I did feel like there were a few minor problems with the movie. Firstly, the graduation scene felt similar to the Tobey Maguire films. I think this is a common complaint among lukewarm fans, since they feel like the Maguire films were not far enough in the past to warrant a reboot. As a fanboy, I eat these movies up, but even I still was thinking, “I’ve seen this already.” I know Hollywood has to make this series stand on its own two feet, apart from its predecessor, but I think it’s safe to assume that the average viewer has seen the old films. Thus, when I see the same stuff rehashed, it just makes me want to see something new.

The inclusion of the Rhino felt forced. I love the character of the Rhino, but it seemed like he was just included as a teaser for the next movie and fodder for the movie’s trailer. I get that it was supposed to symbolize that everything had come full-circle in the story, but I think that character could have waited until part 3. At least his costume looked cool.


I thought the new movie developed the characters of both Harry Osborn and Max Dillon sufficiently. I felt pity for Electro. I liked how they made him a nice person who means well. When he first appeared in the middle of city, he was genuinely afraid. Most other villains would start blasting heads off right away. Dillon didn’t want to resort to violence. He was provoked. I enjoyed this tragic, misunderstood Electro character. Harry Osborn, too, was well done. He reminded me of Draco Malfoy, in his slimy-yet-somehow-lovable personality. His character’s slow descent into madness was underplayed, but in a good way. The film didn’t make it too obvious, and I appreciated that.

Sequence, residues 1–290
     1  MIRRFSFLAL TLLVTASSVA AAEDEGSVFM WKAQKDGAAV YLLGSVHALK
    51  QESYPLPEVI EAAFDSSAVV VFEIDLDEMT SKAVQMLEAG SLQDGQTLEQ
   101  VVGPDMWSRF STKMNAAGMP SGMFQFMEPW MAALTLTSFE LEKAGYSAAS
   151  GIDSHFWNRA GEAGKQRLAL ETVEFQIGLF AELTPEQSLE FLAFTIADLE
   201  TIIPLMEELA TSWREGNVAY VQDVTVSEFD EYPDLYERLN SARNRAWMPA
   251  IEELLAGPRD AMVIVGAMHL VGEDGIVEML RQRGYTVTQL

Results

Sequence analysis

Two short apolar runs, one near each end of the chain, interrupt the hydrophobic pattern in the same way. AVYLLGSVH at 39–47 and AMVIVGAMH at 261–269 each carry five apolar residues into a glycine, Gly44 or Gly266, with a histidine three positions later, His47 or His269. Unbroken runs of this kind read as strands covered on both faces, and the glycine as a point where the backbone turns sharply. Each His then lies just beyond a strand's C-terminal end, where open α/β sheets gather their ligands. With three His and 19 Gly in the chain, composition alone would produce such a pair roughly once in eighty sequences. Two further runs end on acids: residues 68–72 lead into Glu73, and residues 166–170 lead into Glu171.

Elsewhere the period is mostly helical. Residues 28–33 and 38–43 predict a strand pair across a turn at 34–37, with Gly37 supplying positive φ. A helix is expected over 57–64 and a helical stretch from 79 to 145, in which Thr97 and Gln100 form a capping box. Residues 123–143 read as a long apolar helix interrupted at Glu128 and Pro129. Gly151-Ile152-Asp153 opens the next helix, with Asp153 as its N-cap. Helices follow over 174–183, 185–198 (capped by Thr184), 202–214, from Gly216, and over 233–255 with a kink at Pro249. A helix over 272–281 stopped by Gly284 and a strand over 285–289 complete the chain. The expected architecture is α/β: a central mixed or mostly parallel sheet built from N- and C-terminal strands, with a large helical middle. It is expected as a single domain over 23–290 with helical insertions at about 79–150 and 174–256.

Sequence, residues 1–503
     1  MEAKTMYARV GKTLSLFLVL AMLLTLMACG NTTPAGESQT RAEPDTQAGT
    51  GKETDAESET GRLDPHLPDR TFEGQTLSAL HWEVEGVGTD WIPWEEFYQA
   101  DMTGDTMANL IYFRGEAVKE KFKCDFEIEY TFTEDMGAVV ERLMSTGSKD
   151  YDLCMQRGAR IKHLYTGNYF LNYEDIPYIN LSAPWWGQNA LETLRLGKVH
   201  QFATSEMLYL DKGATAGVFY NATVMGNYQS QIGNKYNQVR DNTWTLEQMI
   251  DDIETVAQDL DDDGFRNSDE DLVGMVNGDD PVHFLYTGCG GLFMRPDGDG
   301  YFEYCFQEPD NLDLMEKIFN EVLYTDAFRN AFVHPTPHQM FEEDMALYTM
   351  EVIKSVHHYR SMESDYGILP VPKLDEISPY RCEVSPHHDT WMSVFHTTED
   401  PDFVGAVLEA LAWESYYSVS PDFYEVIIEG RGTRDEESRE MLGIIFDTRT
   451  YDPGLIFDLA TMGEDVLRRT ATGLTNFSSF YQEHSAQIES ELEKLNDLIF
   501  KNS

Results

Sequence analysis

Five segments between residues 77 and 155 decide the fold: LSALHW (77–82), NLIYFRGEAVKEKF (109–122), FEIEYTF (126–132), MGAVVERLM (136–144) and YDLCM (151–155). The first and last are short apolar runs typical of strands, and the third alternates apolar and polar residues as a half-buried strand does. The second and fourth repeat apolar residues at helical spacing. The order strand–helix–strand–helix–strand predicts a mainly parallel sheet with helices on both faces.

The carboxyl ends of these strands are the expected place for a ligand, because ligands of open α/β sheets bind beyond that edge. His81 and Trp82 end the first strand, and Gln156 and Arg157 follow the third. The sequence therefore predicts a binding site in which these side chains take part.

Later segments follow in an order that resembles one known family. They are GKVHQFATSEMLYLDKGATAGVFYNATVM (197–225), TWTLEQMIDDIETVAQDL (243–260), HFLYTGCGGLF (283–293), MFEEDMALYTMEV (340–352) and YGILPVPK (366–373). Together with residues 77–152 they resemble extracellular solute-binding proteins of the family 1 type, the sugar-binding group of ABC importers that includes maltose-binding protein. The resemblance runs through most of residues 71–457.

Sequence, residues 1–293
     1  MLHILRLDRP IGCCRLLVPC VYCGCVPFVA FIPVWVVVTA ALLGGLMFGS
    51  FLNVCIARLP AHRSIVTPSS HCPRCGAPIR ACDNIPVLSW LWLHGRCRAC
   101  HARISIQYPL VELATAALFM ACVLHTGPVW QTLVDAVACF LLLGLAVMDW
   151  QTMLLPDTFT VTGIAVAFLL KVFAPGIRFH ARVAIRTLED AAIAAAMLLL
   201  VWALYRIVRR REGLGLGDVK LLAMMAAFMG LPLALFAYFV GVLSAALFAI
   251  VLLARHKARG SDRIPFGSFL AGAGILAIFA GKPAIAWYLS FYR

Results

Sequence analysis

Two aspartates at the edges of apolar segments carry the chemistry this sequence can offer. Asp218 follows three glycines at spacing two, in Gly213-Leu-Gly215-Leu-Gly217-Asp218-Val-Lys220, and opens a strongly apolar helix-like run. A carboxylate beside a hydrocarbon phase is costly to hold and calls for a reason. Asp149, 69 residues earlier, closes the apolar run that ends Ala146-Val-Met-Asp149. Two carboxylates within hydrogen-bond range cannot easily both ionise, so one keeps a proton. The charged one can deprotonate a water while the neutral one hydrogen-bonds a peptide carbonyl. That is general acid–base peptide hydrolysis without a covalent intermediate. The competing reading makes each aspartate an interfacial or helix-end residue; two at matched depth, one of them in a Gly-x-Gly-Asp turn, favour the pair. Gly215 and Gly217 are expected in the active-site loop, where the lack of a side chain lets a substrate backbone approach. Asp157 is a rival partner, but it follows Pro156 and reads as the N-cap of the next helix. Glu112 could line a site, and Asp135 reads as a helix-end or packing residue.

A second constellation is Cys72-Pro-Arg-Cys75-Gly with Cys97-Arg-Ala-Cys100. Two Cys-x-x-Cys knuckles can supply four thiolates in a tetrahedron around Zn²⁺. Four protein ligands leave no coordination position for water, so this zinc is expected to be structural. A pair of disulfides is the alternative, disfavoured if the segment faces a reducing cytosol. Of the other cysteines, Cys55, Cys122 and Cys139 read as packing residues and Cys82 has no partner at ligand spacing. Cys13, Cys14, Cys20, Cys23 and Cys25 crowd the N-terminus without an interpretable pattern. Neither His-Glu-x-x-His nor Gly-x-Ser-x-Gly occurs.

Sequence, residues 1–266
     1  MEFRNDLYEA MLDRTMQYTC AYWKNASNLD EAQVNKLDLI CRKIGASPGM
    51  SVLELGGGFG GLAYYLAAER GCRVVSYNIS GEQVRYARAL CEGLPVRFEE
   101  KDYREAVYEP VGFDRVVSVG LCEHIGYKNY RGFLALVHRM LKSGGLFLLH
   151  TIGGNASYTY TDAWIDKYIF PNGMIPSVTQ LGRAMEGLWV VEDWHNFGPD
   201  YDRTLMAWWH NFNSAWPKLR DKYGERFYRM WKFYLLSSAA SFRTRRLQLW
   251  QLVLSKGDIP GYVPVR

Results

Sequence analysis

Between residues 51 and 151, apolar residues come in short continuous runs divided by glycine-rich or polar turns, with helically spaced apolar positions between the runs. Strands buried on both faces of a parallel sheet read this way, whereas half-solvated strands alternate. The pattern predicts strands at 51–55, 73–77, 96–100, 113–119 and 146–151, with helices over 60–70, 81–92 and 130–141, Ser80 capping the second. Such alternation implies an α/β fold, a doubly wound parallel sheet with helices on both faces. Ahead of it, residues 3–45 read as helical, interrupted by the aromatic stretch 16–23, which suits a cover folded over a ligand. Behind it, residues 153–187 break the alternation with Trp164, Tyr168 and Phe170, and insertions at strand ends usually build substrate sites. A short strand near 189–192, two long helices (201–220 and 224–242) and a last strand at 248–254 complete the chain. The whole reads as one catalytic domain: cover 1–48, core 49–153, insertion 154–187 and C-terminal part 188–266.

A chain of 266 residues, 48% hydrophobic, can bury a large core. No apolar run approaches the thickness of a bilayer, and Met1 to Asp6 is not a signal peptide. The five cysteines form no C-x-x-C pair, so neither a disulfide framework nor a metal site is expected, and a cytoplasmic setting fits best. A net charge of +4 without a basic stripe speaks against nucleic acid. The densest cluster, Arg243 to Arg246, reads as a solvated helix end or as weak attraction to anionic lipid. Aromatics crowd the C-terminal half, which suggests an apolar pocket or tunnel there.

All in all, this was a very good installment in the “Amazing Spider-Man” series. People were speculating that it would fall victim to the same problem from the third Maguire movie had: too many villains, and not enough character development. And the dance scene. (But I won’t beat a dead horse.)

I feel that “The Amazing Spider-Man 2” was well-made and enjoyable. It appeals to both longtime fans and to those non-fans who think they might have seen one of the Tobey Maguire films, but they don’t remember which one it is, but they think it was the one with Octopus Man, but they aren’t sure. I certainly recommend giving “The Amazing Spider-Man 2” a watch, wherever you fall on that spectrum.


At Long Last… Why I Love Spider-Man.

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I have the comics. I have the toys. I have the movies. I have the shirts. I have the bed sheets. I have the trading cards. I have the lunch boxes. I have the Slurpee cups. I have the Mary Jane limited edition fashion Barbie. Mint in box. Suffice it to say, I like Spider-Man. And when I say I like Spider-Man, what I mean is, I love Spider-Man. And when I say I love Spider-Man, I mean I humbly consider myself to be the biggest Spider-Man fanatic in the history of ever. Anyone who has ever met me knows this. But for over a decade, I have been asked this question:

Why do you love Spider-Man?